(a)

−4 −2 0 2 4 6−5

−4

−3

−2

−1

0

Deflection (mm)

Forc

e(N

)

Force vs Deflection at input port

prestressed unprestressed

(b)

deformed undeformed

(c)

Figure 7.21: (a) Topology of a compliant inverter with a GA=0.66 and actuation energy reductionof 84.20%. (b) Force-deflection behavior at the input port. (c) Final deflection configuration ofthe compliant inverter

176 7 Topology Optimization of SBCM’s

(a)

−4 −2 0 2−1

−0.8

−0.6

−0.4

−0.2

0

Deflection (mm)

For

ce(N

)

Force vs Deflection at input port

prestressed unprestressed

(b)

deformed undeformed

(c)

Figure 7.22: (a) Topology of a compliant inverter with a GA=0.93 and actuation energy reductionof 83.24%. (b) Force-deflection behavior at the input port. (c) Final deflection configuration ofthe compliant inverter

(a)

−5 −4 −3 −2 −1 0 1 2−2

−1.5

−1

−0.5

0

Deflection (mm)

Forc

e(N

)

Force vs Deflection at input port

prestressed unprestressed

(b)

deformed undeformed

(c)

Figure 7.23: (a) Topology of a compliant inverter with a GA=0.66 and actuation energy reductionof 95.48%. (b) Force-deflection behavior at the input port. (c) Final deflection configuration ofthe compliant inverter

7.6 Results 177

Design problem 2 - The gripper closing

The optimization formulation 2 (continuous equilibrium) applied to the design problem 2 withthe gripper variation closing was solved 30 times. From these 30 solutions, only nine are consid-ered as viable solutions for further development.

Table 7.6: Geometrical advantage and actuation energy reduction of the nine viable solutions.

Solution Geometrical advantage Actuation energy reductionA 0.99 96.32%B 0.97 90.29%C 0.74 98.59%D 1.11 95.13%E 0.94 98.88%F 1.03 99.26%G 1.00 82.43%H 1.01 73.04%I 1.20 93.29%

(a)

−5 0 5 10 15−3

−2

−1

0

Deflection (mm)

For

ce(N

)

Force vs Deflection at input port

prestressed unprestressed

(b)

deformed undeformed

(c)

Figure 7.24: (a) Topology of a compliant gripper with a GA=0.99 and actuation energy reductionof 96.32%. (b) Force-deflection behavior at the input port. (c) Final deflection configuration ofthe compliant gripper

178 7 Topology Optimization of SBCM’s

(a)

−4 −2 0 2−1

−0.8

−0.6

−0.4

−0.2

0

Deflection (mm)

For

ce(N

)

Force vs Deflection at input port

prestressed unprestressed

(b)

deformed undeformed

(c)

Figure 7.25: (a) Topology of a compliant gripper with a GA=0.97 and actuation energy reductionof 90.29%. (b) Force-deflection behavior at the input port. (c) Final deflection configuration ofthe compliant gripper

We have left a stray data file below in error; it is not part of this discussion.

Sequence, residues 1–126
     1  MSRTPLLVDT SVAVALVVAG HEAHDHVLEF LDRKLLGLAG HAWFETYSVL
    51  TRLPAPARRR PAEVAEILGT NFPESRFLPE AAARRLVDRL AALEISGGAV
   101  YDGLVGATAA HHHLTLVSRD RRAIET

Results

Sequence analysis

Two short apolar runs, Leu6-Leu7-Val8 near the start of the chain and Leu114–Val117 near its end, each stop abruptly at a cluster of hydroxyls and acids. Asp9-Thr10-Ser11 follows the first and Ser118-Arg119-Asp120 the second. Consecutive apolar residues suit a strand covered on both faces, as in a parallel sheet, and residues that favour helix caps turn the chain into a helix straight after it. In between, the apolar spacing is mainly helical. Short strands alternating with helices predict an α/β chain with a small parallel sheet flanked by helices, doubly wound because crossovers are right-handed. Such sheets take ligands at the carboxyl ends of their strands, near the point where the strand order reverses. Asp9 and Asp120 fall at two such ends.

(a)

−5 −4 −3 −2 −1 0−6

−4

−2

0

Deflection (mm)

For

ce(N

)

Force vs Deflection at input port

prestressed unprestressed

(b)

deformed undeformed

(c)

Figure 7.26: (a) Topology of a compliant gripper with a GA=0.74 and actuation energy reductionof 98.59%. (b) Force-deflection behavior at the input port. (c) Final deflection configuration ofthe compliant gripper

(a)

−5 −4 −3 −2 −1 0 1

−6

−4

−2

0

Deflection (mm)

For

ce(N

)

Force vs Deflection at input port

prestressed unprestressed

(b)

deformed undeformed

(c)

Figure 7.27: (a) Topology of a compliant gripper with a GA=1.11 and actuation energy reductionof 95.13%. (b) Force-deflection behavior at the input port. (c) Final deflection configuration ofthe compliant gripper

7.6 Results 179

(a)

−5 −4 −3 −2 −1 0 1−1

−0.8

−0.6

−0.4

−0.2

0

Deflection (mm)F

orce

(N)

Force vs Deflection at input port

prestressed unprestressed

(b)

deformed undeformed

(c)

Figure 7.28: (a) Topology of a compliant gripper with a GA=0.94 and actuation energy reductionof 98.88%. (b) Force-deflection behavior at the input port. (c) Final deflection configuration ofthe compliant gripper

(a)

−5 −4 −3 −2 −1 0 1 2−6

−4

−2

0

Deflection (mm)

For

ce(N

)

Force vs Deflection at input port

prestressed unprestressed

(b)

deformed undeformed

(c)

Figure 7.29: (a) Topology of a compliant gripper with a GA=1.03 and actuation energy reductionof 99.26%. (b) Force-deflection behavior at the input port. (c) Final deflection configuration ofthe compliant gripper

(a)

−5 −4 −3 −2 −1 0 1−1

−0.8

−0.6

−0.4

−0.2

0

Deflection (mm)

For

ce(N

)

Force vs Deflection at input port

prestressed unprestressed

(b)

deformed undeformed

(c)

Figure 7.30: (a) Topology of a compliant gripper with a GA=1.00 and actuation energy reductionof 82.43%. (b) Force-deflection behavior at the input port. (c) Final deflection configuration ofthe compliant gripper

180 7 Topology Optimization of SBCM’s

(a)

−5 −4 −3 −2 −1 0 1−1

−0.8

−0.6

−0.4

−0.2

0

Deflection (mm)

For

ce(N

)

Force vs Deflection at input port

prestressed unprestressed

(b)

deformed undeformed

(c)

Figure 7.31: (a) Topology of a compliant gripper with a GA=1.01 and actuation energy reductionof 73.04%. (b) Force-deflection behavior at the input port. (c) Final deflection configuration ofthe compliant gripper

(a)

−5 −4 −3 −2 −1 0−1

−0.8

−0.6

−0.4

−0.2

0

Deflection (mm)

Forc

e(N

)

Force vs Deflection at input port

prestressed unprestressed

(b)

deformed undeformed

(c)

Figure 7.32: (a) Topology of a compliant gripper with a GA=1.20 and actuation energy reductionof 93.29%. (b) Force-deflection behavior at the input port. (c) Final deflection configuration ofthe compliant gripper

7.6 Results 181

Design problem 2 - The gripper opening

The optimization formulation 2 (continuous equilibrium) applied to the design problem 2 withthe gripper variation opening was solved 30 times. From these 30 solutions, only four are con-sidered as viable solutions for further development.